Tesla’s automated pilot system crashed into a Model S sedan tree last month in Texas, killing two Preliminary findings From the National Transportation Safety Board.
The driver assist function, as provided by several automakers, was initially involved in the crash, with local officials saying no one was in the driver’s seat.
But shortly after leaving the car owner’s home, security camera footage showed one person in the driver’s seat and one person in the front passenger seat. The company provided test results that showed
(Ticker: DSLA) Automated pilot system not in use.
Autopilot said in a statement that traffic awareness would only work if the two systems, Cruise Control and Autostear, were involved simultaneously. Investigators drove a model S on the side of the road where the accident took place, finding that traffic awareness could engage in cruise control, but not the autostear. After the crash, Tesla CEO Elon Musk
Tweeted about Inability to engage autosteer on that road.
The automated pilot is known as Fully Self-Driving, or FSD, from Tesla’s Advanced Autonomous Driving System, one of the toughest technical challenges Musk has ever encountered. The electric vehicle pioneer is testing upgraded versions of its FSD software Musk The company claims to be close to achieving full autonomous driving capability.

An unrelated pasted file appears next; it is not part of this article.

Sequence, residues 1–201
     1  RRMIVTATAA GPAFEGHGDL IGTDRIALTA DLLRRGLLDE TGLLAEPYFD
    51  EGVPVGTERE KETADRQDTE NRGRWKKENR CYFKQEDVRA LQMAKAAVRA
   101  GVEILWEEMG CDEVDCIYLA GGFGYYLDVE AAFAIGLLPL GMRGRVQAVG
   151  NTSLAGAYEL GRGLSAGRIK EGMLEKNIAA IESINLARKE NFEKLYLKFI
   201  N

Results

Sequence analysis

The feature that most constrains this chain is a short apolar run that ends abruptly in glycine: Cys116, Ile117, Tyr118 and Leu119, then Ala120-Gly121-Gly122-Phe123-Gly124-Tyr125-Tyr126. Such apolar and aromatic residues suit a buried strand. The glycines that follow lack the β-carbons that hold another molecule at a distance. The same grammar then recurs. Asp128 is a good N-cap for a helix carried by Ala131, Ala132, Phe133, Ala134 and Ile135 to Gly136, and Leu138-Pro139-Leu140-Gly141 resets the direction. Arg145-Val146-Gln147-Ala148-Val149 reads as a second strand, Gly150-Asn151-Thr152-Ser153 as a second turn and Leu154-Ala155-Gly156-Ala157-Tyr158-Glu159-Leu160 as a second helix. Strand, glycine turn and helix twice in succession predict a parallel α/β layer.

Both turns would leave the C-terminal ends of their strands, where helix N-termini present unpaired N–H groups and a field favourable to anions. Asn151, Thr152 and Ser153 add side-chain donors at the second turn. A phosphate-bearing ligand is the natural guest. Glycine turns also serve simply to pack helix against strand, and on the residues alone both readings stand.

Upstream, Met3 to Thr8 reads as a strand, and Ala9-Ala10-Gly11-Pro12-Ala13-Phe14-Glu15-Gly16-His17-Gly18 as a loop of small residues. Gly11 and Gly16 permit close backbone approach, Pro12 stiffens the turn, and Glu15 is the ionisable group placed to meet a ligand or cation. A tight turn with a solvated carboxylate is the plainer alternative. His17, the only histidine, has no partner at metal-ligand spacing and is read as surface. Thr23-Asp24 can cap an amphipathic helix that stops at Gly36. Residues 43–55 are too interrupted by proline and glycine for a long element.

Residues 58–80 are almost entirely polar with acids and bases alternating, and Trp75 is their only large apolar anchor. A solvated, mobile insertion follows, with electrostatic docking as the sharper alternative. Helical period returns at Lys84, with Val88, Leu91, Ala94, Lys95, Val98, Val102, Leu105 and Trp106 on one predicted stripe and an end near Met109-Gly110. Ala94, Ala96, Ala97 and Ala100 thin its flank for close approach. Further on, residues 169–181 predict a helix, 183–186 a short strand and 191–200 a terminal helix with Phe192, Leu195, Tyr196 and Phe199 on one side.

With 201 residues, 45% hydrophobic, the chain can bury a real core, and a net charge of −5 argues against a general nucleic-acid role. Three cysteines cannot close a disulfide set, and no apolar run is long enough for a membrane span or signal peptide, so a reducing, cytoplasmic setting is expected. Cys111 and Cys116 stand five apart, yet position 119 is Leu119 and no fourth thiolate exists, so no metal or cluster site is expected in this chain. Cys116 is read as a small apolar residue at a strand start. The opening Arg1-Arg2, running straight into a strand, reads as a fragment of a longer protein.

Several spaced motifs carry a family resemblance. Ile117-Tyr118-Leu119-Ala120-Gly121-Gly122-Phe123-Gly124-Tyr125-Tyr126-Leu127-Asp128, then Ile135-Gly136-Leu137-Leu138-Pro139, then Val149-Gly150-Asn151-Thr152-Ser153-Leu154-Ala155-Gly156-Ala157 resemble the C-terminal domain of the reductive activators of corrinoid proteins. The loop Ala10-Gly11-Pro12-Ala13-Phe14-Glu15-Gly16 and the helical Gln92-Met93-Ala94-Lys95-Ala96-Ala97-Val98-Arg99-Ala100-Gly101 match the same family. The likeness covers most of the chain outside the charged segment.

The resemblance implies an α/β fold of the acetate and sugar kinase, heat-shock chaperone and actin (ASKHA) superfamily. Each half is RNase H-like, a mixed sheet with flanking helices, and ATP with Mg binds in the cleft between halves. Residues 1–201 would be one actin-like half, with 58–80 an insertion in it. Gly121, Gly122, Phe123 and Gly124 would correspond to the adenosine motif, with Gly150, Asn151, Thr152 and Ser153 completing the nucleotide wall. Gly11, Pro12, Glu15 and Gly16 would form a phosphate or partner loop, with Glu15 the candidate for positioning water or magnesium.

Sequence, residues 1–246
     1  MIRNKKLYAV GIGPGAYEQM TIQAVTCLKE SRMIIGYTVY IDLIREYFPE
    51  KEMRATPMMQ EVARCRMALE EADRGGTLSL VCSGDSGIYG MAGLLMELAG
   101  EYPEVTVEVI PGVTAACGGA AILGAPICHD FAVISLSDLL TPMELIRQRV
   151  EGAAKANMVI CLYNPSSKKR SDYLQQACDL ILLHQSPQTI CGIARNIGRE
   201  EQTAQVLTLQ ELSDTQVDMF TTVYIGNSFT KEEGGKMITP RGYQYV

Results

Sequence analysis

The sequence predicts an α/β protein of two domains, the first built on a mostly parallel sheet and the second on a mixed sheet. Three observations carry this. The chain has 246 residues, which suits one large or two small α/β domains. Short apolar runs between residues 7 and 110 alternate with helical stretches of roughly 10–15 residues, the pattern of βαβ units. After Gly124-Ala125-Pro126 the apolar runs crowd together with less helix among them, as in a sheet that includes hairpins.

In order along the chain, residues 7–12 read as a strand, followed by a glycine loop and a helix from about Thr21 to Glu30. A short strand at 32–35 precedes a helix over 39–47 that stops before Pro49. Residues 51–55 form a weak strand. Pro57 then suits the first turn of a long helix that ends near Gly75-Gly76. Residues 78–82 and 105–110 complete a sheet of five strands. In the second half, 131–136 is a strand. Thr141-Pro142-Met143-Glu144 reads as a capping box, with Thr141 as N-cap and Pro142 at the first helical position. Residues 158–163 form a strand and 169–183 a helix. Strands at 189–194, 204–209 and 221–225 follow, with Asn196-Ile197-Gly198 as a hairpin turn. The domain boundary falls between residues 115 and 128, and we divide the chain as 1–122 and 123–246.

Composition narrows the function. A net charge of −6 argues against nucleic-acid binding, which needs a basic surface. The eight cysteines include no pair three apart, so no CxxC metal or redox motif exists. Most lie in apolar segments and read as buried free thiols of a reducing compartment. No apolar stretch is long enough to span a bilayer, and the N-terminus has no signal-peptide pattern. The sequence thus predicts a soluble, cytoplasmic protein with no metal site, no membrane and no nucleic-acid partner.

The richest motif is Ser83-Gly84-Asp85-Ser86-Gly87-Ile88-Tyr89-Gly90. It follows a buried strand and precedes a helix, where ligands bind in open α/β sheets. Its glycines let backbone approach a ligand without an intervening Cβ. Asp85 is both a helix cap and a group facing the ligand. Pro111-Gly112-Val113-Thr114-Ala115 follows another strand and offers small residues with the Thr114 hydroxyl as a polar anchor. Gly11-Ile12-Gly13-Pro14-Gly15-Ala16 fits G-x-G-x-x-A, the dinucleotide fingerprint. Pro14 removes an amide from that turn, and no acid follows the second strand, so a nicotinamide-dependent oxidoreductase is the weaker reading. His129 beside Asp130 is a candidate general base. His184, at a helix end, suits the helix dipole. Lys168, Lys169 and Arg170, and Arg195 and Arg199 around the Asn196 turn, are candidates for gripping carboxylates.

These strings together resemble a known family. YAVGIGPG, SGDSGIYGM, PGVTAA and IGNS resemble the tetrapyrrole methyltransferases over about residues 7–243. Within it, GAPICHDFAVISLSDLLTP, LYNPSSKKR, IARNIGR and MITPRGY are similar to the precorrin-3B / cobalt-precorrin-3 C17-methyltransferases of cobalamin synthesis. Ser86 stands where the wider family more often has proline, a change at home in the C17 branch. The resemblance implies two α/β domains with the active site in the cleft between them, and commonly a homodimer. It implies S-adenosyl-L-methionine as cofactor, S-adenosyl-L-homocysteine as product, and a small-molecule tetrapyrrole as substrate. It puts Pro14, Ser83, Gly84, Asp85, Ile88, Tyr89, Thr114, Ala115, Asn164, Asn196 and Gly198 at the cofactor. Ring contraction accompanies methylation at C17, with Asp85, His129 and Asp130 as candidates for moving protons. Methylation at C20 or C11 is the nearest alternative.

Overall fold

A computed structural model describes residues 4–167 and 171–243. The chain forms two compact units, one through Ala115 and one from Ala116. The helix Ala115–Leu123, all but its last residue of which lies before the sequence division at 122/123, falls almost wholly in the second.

NDSP’s findings are positive for Tesla; Shares have fallen 13% since the April 17 crash. Average decline in EV stocks Barons Tracks were down 11% over the same period. The
In comparison, flat. The
Dow Jones Industrial Average
Received about 2%.
However, the stock did not really respond to the findings. Tesla shares closed 6.4%. and more EV stocks were weak As well as. Reasons: The Global semiconductor shortage, Further EV competition And this Rotation In the name of the cycle from high growth stocks as the economic recovery increases.
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